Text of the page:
Saturday, March 28, 2015

Oatman, Arizona

Oatman, Arizona is on old Route 66 north of the tiny town of Topock and south of Kingman.  Route 66 is a two lane road that winds over mountains in the desert, as you can see above.  It was a fun road to drive on, and since it was early morning, there wasn't much traffic.

All buildings in town are old, mostly wooden, with creaky, well-worn floorboards.  Most of the buildings are now gift shops and tourist shops specializing in T shirts, hats and leather goods.  The hotel shown above has a good restaurant that was crowded by lunch time.  The walls and almost every vertical surface in the restaurant were covered with dollar bills that had been posted with the names of patrons.  There were probably thousands of dollars in bills stuck to the walls and ceilings, an amazing display.

By the time it was lunch time, the bikers started moving in, parking their bikes in rows along the sides of the streets in front of the town's two restaurants.

One shop had a small museum on the second floor, a small collection of Harley motorcycles and a few other antiques.

There were quite a few murals painted on the walls of the buildings, similar to the one shown below.  Murals have been popular in New Mexico and Arizona. 

The town is famous for the burros that wander through town.  I was there for three hours and never saw any of them.  There was evidence that they'd been there, piles left on the streets.  When I started driving home, they were wandering up the road to town.  They were going from car to car to see if anyone would give them a treat.  They created a little traffic jam, but I don't think anyone cared, since people got out of the cars and took pictures. 

And as I was driving out of town - an old car by the side of the road, announcing an art studio. 

This was a fun place to visit - more of my photos of town are shown in a slide show at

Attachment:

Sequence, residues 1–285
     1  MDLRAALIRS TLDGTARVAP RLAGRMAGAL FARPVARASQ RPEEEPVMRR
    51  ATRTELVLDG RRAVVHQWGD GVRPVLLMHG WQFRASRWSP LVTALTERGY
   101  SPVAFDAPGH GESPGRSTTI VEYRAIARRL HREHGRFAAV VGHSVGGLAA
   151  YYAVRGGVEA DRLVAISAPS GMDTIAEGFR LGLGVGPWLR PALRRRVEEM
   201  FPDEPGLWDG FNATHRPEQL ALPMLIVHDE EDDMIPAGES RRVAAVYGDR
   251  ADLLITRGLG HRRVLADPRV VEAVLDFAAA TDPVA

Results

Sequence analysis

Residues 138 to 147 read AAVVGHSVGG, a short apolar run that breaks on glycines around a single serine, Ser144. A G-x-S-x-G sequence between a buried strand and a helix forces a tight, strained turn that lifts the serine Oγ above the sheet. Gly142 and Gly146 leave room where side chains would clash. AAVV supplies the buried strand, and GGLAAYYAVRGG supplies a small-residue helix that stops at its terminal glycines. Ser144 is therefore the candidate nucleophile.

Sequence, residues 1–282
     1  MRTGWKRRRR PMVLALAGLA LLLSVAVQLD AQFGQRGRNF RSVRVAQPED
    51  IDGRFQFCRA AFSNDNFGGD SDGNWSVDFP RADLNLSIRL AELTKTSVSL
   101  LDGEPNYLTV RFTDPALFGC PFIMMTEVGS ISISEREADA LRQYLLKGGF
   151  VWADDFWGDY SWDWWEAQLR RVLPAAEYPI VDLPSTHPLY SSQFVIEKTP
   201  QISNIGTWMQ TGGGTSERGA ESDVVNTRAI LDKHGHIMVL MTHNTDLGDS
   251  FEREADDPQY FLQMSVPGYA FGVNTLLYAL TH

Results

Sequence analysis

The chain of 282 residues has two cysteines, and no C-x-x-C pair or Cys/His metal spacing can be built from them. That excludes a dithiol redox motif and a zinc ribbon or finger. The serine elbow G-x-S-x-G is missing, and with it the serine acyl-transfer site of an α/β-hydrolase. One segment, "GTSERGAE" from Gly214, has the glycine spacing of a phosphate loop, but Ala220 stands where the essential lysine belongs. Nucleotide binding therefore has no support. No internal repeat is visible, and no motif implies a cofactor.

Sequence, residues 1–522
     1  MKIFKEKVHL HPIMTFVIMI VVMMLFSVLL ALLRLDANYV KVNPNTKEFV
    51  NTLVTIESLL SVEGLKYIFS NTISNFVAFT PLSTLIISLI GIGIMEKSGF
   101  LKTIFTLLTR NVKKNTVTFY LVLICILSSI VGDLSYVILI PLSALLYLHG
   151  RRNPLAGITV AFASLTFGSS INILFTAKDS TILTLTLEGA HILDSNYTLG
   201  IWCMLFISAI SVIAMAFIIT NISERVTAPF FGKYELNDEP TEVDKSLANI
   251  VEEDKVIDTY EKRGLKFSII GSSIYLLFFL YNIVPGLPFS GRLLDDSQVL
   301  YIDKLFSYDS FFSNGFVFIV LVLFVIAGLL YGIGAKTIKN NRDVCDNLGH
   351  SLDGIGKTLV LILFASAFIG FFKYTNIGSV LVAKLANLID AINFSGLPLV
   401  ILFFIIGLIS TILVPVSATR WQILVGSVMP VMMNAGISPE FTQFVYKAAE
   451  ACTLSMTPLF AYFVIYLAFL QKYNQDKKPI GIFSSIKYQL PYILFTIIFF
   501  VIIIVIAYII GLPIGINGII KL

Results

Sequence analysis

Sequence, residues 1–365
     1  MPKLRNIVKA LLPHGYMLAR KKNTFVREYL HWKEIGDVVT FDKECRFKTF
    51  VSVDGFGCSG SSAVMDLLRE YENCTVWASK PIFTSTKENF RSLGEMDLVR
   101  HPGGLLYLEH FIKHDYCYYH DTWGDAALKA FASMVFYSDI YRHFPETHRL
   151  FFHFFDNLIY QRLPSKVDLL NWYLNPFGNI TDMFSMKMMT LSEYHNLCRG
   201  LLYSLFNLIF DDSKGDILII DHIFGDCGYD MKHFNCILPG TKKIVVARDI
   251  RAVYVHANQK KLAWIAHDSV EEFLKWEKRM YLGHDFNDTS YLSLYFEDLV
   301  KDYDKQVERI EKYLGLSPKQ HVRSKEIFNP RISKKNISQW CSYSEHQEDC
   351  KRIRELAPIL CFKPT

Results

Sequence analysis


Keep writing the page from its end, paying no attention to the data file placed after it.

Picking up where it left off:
Friday, March 27, 2015

Happy Anniversary!

Today, a year ago, I left Port Orange, Florida and started heading west.  It doesn't seem like it, but it has been a full year that I've been traveling in my 5th wheel.  I traveled 6 hours that first day, something I have not done since, and what most seasoned RVers warn against, since most of us are not on time schedules.  
I have seen all sorts of interesting sights, parked overnight in WalMart parking lots, have been on amazingly poorly maintained main roads, and have been stuck on the side of the road waiting for tow trucks.  I have met all kinds of people, mostly very nice, and some are amazed that a woman would go exploring like this on her own.  I have been surprised that in the past year I have met quite a few women traveling in all sorts of RVs.  I have met many more solo women than I have men who travel alone, which surprised me since I found solo men sailors in the Caribbean outnumber solo females.

I have stayed at RV parks that were wonderful, with a pool and hot tubs and all sorts of amenities and activities.  But, I have also stayed in parks that were not much more than a run down trailer park full of long-term residents who didn't do much maintenance on their homes.  Since I am now in the southwest, I have been boondocking, camping on public lands with no facilities.  I'm beginning to like that more than being crowded in and hearing your neighbor sneezing.   When looking for a place to stay in a new area, I research available public lands first.  These photos were taken during last week's stay near Lake Havasu City in Arizona.
There were two other solo women there, which is surprising since it was a small campground.  We went on hikes together out in the desert, searching for cacti that had just started blooming.  In the evening on a few nights, we were invited to a campfire where a man was playing a guitar and singing.  We all got to meet some new people and had a great time under the starry skies.
Now I'm embarking on another year of exploring wonderful places to visit.  I'm looking forward to all the places I have planned for this next year.

Thursday, March 26, 2015

London Bridge in Lake Havasu City, Arizona